Vishvapani travels across India to witness thousands of the nation’s underclass take refuge in a new form of Buddhism and break free from the oppressive caste system.
Such sincerity can be set against the natural suspicion of many outside observers that Ambedkarite Buddhism is a proxy for dalit social advancement and hatred of Hinduism. By no means are all Ambedkarite Buddhists as serious as Lalida. In Hyderabad, in the southeastern state of Andhra Pradesh, I attended a farcical rally that was billed as a gathering of three hundred thousand, including one hundred thousand new converts. It started badly when the stage collapsed beneath the assembled dignitaries, and it quickly became clear that the numbers attending would be closer to a thousand. The meeting had been hijacked by a local politician who inflated the anticipated numbers and alienated local Buddhists by involving right-wing Hindu politicians. This fractious, chaotic, hyperbolic side of Ambedkarism is rife in Maharashtra, too, and has led to some skepticism among outsiders.
My roommate at Nagaloka was Christopher Queen, an ebullient man who teaches religion and engaged Buddhism at Harvard and seems to know everyone in the Ambedkarite world. After the Nagaloka diksha ceremony he articulated another concern: “What do they mean, 'All India will become Buddhist'? The new converts will continue to live in a land of Hindus, Muslims, and all the rest. Ambedkar refocused Buddhist teachings to empower dalits. But he also persuaded the Hindu majority to adopt a constitution that outlawed untouchability.” Queen added that he believes Ambedkarites should drop the extra vows that forbid Hindu beliefs and practices. “They need to say what they are for - the traditional refuges and precepts - and leave Hinduism out of it. Why incite the Hindu nationalists all over again?”
When I put this to Ambedkarites, they answered that they do oppose Hinduism and caste practice but that they do not hate Hindus personally, and the vows ensure that the meaning of becoming a Buddhist is clear. A BBC journalist I met in Hyderabad was incredulous that a mass conversion ceremony could change centuries-old customs. My dalit friends insisted that however incredible it may seem, this really does happen. The vows ensure clarity; a more fundamental reason, however, is that the new converts were never wholly part of Hinduism, which barred them from its temples--dalit village gods are often protector spirits rather than Hindu deities. Their real faith--often quite amazing in its intensity--is in Dr. Ambedkar, and for most, engagement with Buddhism is an extension of that devotion.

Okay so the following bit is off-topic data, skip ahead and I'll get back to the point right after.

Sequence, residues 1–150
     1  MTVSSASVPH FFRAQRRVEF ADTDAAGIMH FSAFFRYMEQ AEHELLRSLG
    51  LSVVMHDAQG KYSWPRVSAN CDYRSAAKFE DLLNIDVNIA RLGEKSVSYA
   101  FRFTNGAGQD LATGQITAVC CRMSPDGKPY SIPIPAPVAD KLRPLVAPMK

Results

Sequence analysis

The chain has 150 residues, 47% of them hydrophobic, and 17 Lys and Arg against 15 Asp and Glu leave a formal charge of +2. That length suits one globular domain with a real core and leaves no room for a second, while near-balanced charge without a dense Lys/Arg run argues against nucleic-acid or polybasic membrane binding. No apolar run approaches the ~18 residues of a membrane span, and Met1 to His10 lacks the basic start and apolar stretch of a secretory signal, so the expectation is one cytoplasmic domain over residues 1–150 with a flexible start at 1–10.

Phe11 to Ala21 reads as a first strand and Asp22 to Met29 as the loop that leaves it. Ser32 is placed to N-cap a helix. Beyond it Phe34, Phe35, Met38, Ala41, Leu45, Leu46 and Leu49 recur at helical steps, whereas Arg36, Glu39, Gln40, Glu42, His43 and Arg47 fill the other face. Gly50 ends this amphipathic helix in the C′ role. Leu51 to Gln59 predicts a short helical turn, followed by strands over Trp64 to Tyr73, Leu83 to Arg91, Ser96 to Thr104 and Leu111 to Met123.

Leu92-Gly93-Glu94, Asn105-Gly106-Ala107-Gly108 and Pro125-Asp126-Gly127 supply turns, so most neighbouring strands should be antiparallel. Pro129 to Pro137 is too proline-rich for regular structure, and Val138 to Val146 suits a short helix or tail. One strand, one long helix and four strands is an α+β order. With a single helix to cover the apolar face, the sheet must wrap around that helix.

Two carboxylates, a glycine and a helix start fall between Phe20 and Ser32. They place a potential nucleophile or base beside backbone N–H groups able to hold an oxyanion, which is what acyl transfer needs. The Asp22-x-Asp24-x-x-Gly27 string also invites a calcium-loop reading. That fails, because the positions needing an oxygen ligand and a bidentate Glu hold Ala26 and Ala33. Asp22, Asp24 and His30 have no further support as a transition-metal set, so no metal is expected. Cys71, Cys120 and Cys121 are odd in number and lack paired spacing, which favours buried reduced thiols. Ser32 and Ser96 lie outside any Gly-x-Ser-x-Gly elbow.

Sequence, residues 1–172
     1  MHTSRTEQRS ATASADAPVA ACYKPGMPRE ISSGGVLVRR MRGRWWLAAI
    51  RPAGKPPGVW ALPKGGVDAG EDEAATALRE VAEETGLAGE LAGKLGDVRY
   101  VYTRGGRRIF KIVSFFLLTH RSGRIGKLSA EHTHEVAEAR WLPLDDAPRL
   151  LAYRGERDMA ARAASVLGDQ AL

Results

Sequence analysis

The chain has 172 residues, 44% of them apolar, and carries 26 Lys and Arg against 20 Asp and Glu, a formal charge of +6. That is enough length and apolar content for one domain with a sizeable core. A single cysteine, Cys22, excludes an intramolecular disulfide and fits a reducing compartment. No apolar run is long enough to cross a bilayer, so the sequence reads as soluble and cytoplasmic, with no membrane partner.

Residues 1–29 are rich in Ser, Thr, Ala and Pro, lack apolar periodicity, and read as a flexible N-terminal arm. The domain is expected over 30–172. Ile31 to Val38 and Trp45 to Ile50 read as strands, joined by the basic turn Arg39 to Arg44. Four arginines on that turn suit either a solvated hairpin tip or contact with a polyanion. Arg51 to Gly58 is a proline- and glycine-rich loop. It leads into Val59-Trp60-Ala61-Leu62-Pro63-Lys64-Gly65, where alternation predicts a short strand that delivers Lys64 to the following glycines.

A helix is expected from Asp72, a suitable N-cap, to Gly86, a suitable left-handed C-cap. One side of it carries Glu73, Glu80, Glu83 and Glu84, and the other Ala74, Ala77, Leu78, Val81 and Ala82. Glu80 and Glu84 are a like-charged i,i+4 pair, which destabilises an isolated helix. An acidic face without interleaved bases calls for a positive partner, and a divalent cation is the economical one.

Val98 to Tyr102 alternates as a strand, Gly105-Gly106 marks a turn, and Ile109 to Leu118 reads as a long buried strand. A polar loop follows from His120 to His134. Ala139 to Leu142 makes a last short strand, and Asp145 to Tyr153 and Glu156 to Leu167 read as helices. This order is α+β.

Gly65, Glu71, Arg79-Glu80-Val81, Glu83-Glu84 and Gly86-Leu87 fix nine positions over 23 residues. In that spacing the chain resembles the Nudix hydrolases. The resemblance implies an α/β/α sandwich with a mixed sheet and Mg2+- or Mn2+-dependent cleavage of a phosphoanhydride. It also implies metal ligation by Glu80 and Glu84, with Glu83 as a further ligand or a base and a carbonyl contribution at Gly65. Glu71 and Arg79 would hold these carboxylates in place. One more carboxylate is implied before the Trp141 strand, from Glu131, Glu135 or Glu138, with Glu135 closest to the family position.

AS AN INTELLECTUAL AND POLITICIAN, Ambedkar is far from the image of Indian religious teachers favored by Westerners, but perhaps he is better seen as a prophet than a saint, fired by moral outrage and social vision. Ambedkar’s Buddhism challenges the view that Buddhism teaches an inner personal development that remains apart from the world’s struggles. His thought combines the social and individual realms through the conviction that lasting change can only spring from individual moral development and peaceful collective action. Conversely, Ambedkar believed that a meaningful human life requires not withdrawal but fuller engagement with others. This vision of spiritual life as a struggle to change oneself and the world is a bracing alternative to the quietist, introspective approach more popular in the West.
If one considers the community’s poverty and lack of education, the movement’s politicization and lack of spiritual depth is hardly surprising. But as Professor Fulzele commented, “Fifty years is a short time in the history of any religious movement,” and Ambedkarite Buddhism may only now be starting to fulfill its potential. Dalit Buddhists have made considerable material progress, and many have taken up formal dharma practice. The current wave of conversions marks a considerable expansion in the movement’s scope. It is hard to estimate how many will adopt Buddhism in this current wave of conversions, but the number is certainly in the tens of thousands and will probably reach hundreds of thousands. Many of the new convertees are leaders in their own dalit communities and they plan to spread the word of Ambedkar’s Buddhism in villages and slums across India, where little is known about Ambedkar or the movement he spawned.